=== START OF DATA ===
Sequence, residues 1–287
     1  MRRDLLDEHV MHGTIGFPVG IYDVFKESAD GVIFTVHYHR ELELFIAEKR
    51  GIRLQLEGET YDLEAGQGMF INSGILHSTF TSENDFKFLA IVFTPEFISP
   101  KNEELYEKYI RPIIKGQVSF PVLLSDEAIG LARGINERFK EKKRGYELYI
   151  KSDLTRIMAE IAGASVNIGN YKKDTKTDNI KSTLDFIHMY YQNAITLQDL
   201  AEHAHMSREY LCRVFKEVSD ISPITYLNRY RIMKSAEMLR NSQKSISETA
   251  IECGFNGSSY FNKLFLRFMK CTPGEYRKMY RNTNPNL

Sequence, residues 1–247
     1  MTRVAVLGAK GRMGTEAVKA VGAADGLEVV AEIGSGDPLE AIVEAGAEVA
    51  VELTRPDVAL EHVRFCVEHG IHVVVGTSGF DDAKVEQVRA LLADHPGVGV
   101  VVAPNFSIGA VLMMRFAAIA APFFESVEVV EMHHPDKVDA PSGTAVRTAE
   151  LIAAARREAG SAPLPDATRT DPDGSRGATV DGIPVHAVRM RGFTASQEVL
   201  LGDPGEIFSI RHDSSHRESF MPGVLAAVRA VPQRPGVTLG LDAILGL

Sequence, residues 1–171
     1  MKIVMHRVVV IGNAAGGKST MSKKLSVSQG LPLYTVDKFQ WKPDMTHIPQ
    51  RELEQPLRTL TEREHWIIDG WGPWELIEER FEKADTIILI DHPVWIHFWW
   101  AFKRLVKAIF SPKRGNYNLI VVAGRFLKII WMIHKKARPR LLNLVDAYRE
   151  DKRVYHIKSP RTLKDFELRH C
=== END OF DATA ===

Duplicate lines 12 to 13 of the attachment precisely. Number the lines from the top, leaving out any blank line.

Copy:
   151  LIAAARREAG SAPLPDATRT DPDGSRGATV DGIPVHAVRM RGFTASQEVL
   201  LGDPGEIFSI RHDSSHRESF MPGVLAAVRA VPQRPGVTLG LDAILGL